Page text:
August 14, 2022
By Brad Fitzpatrick
When FN ceased production of the Hi-Power Mark III, it signaled the end of the road for one of the most prevalent semiautomatic pistol designs of the 20th century. Though many changes and configurations were made since it entered production in November 1934, starting in the mid-1980s, it was overshadowed by the more affordable polymer-framed, striker-fired pistols that carried more than 13 rounds in the magazine. When Browning announced that Hi-Power models were being discontinued in 2018, the final suggested retail was $999 for a spur-hammer-type “Made in Belgium, Assembled in Portugal” gun with black-epoxy finish.
SHOT Show 2022 changed the fortunes of the legendary P.35, though. Springfield Armory launched its SA-35 ($699) — sans magazine disconnect — with a price and feature set that was rumored to have postponed the launch of FN’s new American-made High Power ($1,269). Like (and unlike) the SA-35, the FN design is a heavily revised iteration of the original.
Beating both to the punch, European American Armory (EAA) began importing Girsan’s MC P35 from Turkey in 2021. The MC P35 is based on the Mark III with the addition of a ring-type hammer and three finish options. This year, EAA’s Paul Richter also revealed future models that will feature an accessory rail, fiber-optic sights, enlarged magwell, flat-trigger, a beavertail and unique G10 grips. Retail prices are $544 for a black example, and up to $567 for a tan or two-tone version. Today, the MC P35 is the least expensive P.35-type pistol you can buy.
A Brief History
John M. Browning agreed to work on the P.35 in 1922 at the urging of FN in response to a French request for a new service sidearm. Browning’s protégé, Dieudonné Saive, engineered a magazine around the 9mm Parabellum and made a prototype of a double-column arrangement. He presented it to Browning in 1923 who took it home to Ogden, Utah. Browning made two functioning prototype pistols. The challenge for Browning was to design a pistol that didn’t violate his patents already in use by Colt for making the Model 1911. He filed a patent on June 28 to protect the locked breech design.
France wanted the Grand Puissance, which translates to “High Power,” to offer a capacity of 10 or more rounds of 9mm. It was also to have an external hammer, manual safety and a magazine disconnect safety. But, despite positive response, the French declined FN’s offering after a series of tests in 1923. The pistol’s development was stalled when Browning died of a heart attack at FN in 1926. However, Saive continued work on the design and made several changes — including a reduction of capacity from 15 rounds to 13 — before it went into commercial production.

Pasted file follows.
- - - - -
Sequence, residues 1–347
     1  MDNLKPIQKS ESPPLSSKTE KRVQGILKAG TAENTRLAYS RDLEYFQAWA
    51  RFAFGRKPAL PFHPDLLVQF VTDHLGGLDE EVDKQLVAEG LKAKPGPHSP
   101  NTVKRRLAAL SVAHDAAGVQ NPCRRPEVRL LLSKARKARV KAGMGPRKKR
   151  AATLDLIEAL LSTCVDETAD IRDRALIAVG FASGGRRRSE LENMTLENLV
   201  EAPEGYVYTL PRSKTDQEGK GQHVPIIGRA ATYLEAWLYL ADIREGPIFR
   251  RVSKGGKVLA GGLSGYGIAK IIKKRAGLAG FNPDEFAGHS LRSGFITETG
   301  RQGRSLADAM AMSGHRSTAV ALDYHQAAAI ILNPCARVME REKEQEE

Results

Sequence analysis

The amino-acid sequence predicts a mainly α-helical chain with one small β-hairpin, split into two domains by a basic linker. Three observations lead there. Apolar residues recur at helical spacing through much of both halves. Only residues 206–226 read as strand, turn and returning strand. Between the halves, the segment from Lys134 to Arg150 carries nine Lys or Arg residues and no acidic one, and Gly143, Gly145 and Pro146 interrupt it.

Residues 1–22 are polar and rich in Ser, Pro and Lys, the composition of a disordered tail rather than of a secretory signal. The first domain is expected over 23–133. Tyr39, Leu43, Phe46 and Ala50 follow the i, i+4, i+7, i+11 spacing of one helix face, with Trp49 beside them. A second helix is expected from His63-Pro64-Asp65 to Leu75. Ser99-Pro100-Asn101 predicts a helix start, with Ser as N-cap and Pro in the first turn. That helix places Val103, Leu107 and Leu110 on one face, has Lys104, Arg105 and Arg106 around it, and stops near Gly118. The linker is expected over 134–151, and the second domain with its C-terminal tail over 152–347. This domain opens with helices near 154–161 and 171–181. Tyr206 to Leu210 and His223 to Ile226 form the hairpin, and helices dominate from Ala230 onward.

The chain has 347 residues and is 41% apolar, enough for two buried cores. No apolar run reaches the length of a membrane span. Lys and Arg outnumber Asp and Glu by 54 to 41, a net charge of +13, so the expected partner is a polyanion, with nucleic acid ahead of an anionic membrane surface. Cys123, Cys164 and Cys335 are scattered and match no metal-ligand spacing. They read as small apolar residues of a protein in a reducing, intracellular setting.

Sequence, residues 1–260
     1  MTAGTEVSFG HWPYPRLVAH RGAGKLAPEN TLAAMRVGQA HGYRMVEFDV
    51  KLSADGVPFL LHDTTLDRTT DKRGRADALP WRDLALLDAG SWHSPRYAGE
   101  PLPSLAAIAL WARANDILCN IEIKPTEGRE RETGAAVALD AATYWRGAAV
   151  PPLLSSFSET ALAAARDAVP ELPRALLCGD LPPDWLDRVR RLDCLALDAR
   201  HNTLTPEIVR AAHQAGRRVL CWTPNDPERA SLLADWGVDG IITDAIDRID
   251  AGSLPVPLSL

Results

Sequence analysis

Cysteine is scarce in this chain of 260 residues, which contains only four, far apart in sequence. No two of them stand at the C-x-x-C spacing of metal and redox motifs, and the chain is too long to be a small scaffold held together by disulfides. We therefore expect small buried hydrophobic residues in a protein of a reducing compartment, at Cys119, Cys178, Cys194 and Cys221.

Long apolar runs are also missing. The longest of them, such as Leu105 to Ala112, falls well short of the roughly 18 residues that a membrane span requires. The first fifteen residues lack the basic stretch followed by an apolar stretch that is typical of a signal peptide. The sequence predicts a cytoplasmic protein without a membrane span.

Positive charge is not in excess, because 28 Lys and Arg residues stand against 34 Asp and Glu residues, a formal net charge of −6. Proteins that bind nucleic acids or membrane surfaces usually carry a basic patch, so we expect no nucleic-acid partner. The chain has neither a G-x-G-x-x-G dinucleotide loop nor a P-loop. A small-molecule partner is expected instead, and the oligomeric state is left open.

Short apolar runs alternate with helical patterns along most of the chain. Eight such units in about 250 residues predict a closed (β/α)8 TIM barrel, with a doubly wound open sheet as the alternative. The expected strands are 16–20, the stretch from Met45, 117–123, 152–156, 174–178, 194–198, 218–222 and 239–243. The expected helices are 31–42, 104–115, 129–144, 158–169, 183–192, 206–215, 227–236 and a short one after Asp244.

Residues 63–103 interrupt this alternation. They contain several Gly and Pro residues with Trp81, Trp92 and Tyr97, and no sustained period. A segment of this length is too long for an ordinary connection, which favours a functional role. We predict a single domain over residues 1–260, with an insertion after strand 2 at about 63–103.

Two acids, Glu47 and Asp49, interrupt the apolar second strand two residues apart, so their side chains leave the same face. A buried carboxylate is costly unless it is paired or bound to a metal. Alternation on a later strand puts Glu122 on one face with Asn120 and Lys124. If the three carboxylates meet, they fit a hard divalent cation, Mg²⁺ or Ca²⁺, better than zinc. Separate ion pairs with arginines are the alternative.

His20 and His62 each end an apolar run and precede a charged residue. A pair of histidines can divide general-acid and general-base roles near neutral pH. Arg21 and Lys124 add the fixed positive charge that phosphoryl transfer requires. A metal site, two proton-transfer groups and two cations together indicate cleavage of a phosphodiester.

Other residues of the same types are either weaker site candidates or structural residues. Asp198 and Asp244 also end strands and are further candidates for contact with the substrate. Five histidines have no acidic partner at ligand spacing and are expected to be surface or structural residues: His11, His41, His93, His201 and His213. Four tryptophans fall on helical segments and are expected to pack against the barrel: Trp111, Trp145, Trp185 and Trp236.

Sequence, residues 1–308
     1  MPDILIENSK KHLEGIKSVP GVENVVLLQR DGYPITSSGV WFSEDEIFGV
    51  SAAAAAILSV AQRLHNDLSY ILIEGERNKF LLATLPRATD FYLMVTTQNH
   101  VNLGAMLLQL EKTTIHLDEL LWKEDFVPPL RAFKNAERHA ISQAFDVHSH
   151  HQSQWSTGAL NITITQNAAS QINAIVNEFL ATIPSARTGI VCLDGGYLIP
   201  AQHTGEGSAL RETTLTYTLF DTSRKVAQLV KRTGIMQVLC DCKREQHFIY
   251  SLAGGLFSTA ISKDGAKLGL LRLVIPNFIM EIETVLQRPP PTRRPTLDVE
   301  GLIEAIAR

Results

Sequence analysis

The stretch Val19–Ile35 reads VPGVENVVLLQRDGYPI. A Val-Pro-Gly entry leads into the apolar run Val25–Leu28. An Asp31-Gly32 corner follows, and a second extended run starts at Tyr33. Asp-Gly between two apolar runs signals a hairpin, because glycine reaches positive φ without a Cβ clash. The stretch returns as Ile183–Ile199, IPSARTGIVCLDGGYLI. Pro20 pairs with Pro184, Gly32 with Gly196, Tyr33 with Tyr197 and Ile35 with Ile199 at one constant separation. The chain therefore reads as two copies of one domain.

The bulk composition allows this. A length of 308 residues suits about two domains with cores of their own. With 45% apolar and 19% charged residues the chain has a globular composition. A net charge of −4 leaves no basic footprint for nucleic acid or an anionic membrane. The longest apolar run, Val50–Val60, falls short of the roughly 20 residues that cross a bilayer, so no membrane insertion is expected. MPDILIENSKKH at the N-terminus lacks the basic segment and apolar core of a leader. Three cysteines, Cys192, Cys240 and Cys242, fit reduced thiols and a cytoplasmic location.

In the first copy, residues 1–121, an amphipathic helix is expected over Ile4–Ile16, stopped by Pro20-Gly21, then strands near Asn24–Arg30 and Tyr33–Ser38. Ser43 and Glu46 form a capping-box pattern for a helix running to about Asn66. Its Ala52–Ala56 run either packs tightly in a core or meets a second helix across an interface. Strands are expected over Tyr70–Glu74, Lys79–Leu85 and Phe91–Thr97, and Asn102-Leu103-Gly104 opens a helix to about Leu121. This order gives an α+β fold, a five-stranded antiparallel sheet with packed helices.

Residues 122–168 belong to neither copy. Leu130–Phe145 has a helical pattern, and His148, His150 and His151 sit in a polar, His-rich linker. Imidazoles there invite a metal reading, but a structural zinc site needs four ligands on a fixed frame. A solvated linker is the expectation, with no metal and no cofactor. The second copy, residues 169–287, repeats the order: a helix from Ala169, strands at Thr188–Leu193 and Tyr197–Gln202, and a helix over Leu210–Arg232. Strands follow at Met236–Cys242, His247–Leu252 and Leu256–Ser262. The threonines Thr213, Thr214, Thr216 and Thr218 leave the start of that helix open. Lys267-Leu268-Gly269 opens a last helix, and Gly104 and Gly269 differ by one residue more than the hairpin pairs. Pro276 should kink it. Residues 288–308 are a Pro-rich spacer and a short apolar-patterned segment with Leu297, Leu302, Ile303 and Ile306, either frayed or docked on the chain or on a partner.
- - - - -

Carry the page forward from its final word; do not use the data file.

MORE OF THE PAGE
Belgium’s military adopted the pistol as the “P.35” with a tangent sight and slot for mounting a wood shoulder stock. Unfortunately, the German occupation of Belgium during World War II began on May 28, 1940. The FN factory in Liege fell under the control of Germans who forced production of the P.35 under the designation “Pistole 640(b).&rdquo
In June 1941, a P.35 was smuggled to Canada by a Chinese general to reverse engineer it without plans. John Inglis began manufacturing the Mk 1 and Mk 2 9mm H.P., or “High Power” in 1944.
Following World War II, the P.35 evolved in the manufacturing hands of several countries: Argentina, Bulgaria, Canada, India and Israel. As a result, the P.35 and its High Power variants went on to serve military and police forces in more than 50 different nations spanning Australia to Zimbabwe. Ironically, the list of users even included France. The P.35 was carried into combat by Finnish soldiers during the Winter and Continuation Wars with Russia, and was used by special forces from Malaysia to Poland. It was also used throughout the wars in Africa during the 1980s.
Enjoy articles like this?
Subscribe to the magazine.
Get access to everything Guns & Ammo has to offer.
Subscribe to the Magazine